A Story of Echo Point, 1938
-from "The Wheeling News-Register," July 10, 1938
"A Story of Echo Point"
Beautiful Echo Point! To ever have known Wheeling one must have known something of the charm which is everywhere abounding there. Nature has dealt with a lavish hand all of this section, and there in the forest which surrounds the homes the birds trill and squirrels and rabbits are at home. A steep woodsy terrace encircles the broad level top of the small hill and skirting the horizon are hills seen from every side. Many handsome suburban sections belong to greater Wheeling, and Echo Point might challenge other sections for supremacy along many lines.
The houses are located on the northeastern side of the knoll which slopes toward Birch Lynn, Kenwood and Edgedale. The National Road and Heiskell Avenue encompass the beautiful enclosure known as Echo Point.
The entrance faces Heiskell Avenue and the National Highway toward the west. A handsome stone gateway is an architectural setting for handsome cedars and shrubbery. All Wheeling has noticed and enjoyed the large group of rhododendrons [planted?] years and years ago on the slope near the National Road which early give hundreds of gorgeous blooms. The maples, elms and beeches are now in the fresh green of the springtime and these are contrasted with the bronze English maples and red-leafed shrubbery. The entire slope of the hill is a woodsy one and on the north side a charming stream borders the foot of the elevation.
The First Owner
Echo Point was first owned by Major John Good, who owned so many hundreds of acres in the out-the-pike section. Romance has echoed through the years in this particular section and perhaps began when the National Highway was being pushed past Echo Point to meet the flowing Ohio at Wheeling. When Major Good proportioned his lands to his children the part now known as Echo Point was part of the acres which he wanted his daughter Hester to own. This daughter became the wife of Daniel Edgington and they built the first house in Echo Point. They put it in the center of the park and it was surrounded by native forest trees While they lived there two daughters came to bless them. One they named Hester and the other Jessie. Hester became the bride of Mr. George H. Parks and they were the parents of Mrs. Jessie Parks Whitaker. Mrs. Whitaker was also born in this attractive spot and it was also the inheritance of her mother as well as the acres which now are known as Birch Lynn.
Mr. Orville Dewey became the owner of Echo Point when the Edgington heirs disposed of it and then it was that the lovely old house was moved from the center of the tract to the northwestern section. Mr. Dewey made great improvements to the house and it was inherited by his son and is now the attractive home of Mr. Henry Russell. It has a distinctive charm unlike any of the other houses of the section. Mr. Dewey was a patron of the arts and this home in Echo Point was filled with rare collections of pictures, ornaments and handsome table service. Mr. Dewey was the type who was gallantry personified and elegant in all of his habits and tastes. He was one of the first presidents of the Fort Henry Club and one of the organizers. He loved music and did much to encourage the best.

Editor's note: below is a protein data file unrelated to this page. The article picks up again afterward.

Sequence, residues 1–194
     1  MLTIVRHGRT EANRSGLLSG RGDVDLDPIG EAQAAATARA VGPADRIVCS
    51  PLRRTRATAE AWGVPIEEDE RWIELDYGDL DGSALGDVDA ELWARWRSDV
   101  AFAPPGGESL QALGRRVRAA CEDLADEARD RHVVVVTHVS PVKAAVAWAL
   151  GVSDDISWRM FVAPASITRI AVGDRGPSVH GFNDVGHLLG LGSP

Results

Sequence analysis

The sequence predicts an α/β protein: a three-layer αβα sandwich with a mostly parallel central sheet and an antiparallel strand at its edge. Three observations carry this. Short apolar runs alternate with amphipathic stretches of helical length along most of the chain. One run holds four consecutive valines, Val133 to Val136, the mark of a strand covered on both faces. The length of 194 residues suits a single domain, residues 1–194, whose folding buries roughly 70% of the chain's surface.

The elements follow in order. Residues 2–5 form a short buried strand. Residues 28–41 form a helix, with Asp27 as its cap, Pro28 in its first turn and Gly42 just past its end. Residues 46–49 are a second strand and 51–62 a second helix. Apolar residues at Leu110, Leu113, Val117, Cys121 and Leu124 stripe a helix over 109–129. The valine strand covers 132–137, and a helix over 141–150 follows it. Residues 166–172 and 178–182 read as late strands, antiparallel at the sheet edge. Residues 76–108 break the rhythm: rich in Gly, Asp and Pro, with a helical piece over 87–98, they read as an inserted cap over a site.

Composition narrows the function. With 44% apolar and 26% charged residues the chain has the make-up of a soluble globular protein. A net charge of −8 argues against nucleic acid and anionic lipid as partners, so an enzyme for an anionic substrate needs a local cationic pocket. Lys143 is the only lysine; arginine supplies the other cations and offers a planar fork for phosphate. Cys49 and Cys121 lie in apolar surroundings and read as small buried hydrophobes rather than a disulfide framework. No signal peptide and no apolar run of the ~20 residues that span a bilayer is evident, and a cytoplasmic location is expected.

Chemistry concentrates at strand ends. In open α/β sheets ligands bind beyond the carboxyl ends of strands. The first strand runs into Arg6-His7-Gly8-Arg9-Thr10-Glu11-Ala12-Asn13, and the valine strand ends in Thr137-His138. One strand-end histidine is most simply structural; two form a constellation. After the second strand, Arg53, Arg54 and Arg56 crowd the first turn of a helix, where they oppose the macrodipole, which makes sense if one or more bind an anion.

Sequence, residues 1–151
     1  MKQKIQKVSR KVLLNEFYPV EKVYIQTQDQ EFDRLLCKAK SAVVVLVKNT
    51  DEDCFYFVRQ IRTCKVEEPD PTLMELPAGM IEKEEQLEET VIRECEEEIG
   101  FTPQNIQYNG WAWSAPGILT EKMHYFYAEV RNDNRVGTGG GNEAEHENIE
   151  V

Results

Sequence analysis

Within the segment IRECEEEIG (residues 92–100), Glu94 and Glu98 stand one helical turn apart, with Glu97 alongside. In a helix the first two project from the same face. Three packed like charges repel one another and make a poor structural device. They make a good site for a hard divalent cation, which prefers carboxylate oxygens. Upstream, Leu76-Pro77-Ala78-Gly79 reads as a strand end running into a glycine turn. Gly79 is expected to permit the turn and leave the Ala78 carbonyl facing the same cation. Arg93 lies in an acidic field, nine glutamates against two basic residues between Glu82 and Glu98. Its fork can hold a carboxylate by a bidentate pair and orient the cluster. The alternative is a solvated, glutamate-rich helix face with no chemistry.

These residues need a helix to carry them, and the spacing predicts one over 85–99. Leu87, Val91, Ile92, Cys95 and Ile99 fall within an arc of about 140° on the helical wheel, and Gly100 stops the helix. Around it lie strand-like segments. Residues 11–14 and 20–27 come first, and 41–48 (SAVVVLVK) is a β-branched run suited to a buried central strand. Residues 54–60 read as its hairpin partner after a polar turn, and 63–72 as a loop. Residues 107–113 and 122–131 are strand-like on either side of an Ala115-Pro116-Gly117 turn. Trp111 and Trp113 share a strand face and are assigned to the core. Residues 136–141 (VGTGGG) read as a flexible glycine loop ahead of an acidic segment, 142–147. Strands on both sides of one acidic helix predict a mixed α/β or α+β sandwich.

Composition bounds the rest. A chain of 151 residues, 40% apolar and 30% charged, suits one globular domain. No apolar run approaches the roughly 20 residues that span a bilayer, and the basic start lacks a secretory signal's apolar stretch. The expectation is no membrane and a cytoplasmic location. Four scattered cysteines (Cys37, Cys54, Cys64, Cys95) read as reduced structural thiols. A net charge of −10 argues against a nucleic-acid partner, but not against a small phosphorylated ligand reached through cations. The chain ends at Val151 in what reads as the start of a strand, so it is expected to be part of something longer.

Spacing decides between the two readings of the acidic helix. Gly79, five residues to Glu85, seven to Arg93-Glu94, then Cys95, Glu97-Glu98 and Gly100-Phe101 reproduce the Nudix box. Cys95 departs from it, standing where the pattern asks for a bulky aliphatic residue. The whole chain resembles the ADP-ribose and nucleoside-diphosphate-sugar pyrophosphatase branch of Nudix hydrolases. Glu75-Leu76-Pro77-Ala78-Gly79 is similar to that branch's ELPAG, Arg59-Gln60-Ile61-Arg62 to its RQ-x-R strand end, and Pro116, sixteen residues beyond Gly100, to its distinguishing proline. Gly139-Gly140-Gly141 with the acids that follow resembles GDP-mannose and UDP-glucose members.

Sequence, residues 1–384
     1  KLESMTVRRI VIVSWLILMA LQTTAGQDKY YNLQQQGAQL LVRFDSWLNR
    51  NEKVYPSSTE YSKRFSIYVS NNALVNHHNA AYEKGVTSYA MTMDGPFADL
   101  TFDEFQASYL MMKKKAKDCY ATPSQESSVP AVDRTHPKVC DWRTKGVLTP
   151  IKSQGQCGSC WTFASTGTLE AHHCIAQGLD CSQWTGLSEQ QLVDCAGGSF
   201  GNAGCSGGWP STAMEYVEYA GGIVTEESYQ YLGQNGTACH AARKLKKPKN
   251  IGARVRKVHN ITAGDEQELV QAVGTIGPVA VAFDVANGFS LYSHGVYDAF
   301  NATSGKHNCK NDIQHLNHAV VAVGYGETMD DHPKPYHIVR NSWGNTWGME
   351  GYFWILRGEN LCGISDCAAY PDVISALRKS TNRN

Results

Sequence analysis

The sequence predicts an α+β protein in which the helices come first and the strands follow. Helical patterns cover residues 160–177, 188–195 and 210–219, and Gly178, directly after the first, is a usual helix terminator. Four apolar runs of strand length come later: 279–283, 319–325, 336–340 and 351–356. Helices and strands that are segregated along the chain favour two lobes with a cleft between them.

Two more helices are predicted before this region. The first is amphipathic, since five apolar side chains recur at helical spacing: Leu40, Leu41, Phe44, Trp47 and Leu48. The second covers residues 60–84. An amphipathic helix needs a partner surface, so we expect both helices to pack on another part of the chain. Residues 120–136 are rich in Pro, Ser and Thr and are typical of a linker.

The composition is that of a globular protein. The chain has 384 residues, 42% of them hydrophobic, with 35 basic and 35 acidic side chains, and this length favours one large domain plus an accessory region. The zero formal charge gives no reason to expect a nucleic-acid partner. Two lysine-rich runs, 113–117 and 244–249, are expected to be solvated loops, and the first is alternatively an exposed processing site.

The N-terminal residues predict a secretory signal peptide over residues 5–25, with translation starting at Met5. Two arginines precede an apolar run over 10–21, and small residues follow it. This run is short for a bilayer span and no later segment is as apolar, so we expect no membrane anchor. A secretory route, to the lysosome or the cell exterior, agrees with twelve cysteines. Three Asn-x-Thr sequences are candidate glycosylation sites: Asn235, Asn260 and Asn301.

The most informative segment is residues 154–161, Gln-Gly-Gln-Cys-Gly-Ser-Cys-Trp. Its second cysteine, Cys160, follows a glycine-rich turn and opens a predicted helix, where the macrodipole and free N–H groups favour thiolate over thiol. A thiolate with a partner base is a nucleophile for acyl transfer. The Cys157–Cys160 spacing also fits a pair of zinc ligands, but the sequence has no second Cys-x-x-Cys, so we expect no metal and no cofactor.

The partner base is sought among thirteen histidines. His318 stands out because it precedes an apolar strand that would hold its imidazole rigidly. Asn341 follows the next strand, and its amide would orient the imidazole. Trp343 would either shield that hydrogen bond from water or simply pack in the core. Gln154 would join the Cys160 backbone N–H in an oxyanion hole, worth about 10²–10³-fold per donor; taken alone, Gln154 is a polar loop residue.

It was Mr. Dewey who planned Echo Point as it is today. He planned that seven homes might be built there and that is what one finds. The second house (No. 3) was built by Mr. J.D. Culbertson in 1890. This house is now owned by Mr. and Mrs. Robert Hazlett. In the same year, Mr. and Mrs. Jacob W. Grubb built a handsome house (No. 4) next to that of Mr. Culbertson. This house is owned today by Mr. and Mrs. George Blackford and four generations reside under the roof. The mother of Mrs. Blackford, Mrs. Brady; Mr. and Mrs. Blackford, Mr. and Mrs. Gilleland and their two sons. Mrs. Gilleland is the daughter of Mr. and Mrs. Blackford. Mr. Blackford declares he is the owner of the finest tree on the point. It is a very large elm.
Mr. and Mrs. Joseph Speidel built the third house (No. 5) in 1893 and this house is now owned by Mrs. John Dickey. The fourth (No. 1) was built by Mr. Morgan Ott and Mr. C.B. Hart and this is the house now owned by Mr. D. Allen Burt and is the first one inside the entrance.
Mrs. Mary Franzheim built the next house (No. 2) and that today is owned by Mrs. Garth Hearne, who purchased it in 1908. The last house (No. 7) to be built on the point was that of Mr. Samuel Harper. This lot was first sold to Mr. D. Carter List, who sold it to Mr. F. J. Park and he erected the very handsome home where the Harpers now live.
When the mother of Mrs. Jessie Park Whitaker, Hester Edgington, was a young girl she enjoyed hearing the echo from a certain part of the Point, and it was she who proposed the name of Echo Point, which her father adopted. When Mr. Dewey became the owner he named it The Elms because of the many elms which grow there but later this name was forgotten and Echo Point again became the name.
There are many places of residence in that vicinity which also give their address as Echo Point, but the houses on the Point are the ones with which this description deals.
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